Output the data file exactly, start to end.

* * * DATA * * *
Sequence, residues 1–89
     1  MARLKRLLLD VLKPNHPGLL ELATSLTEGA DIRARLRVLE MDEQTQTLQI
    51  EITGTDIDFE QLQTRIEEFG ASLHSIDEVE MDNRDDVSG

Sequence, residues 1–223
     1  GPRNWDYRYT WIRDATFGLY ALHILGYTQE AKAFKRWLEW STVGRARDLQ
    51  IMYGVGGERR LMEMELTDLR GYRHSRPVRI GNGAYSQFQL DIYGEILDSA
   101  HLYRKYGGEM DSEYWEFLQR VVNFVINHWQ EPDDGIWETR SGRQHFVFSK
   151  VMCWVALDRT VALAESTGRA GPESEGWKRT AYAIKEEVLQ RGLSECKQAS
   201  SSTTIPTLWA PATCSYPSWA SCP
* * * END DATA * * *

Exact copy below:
Sequence, residues 1–89
     1  MARLKRLLLD VLKPNHPGLL ELATSLTEGA DIRARLRVLE MDEQTQTLQI
    51  EITGTDIDFE QLQTRIEEFG ASLHSIDEVE MDNRDDVSG

Sequence, residues 1–223
     1  GPRNWDYRYT WIRDATFGLY ALHILGYTQE AKAFKRWLEW STVGRARDLQ
    51  IMYGVGGERR LMEMELTDLR GYRHSRPVRI GNGAYSQFQL DIYGEILDSA
   101  HLYRKYGGEM DSEYWEFLQR VVNFVINHWQ EPDDGIWETR SGRQHFVFSK
   151  VMCWVALDRT VALAESTGRA GPESEGWKRT AYAIKEEVLQ RGLSECKQAS
   201  SSTTIPTLWA PATCSYPSWA SCP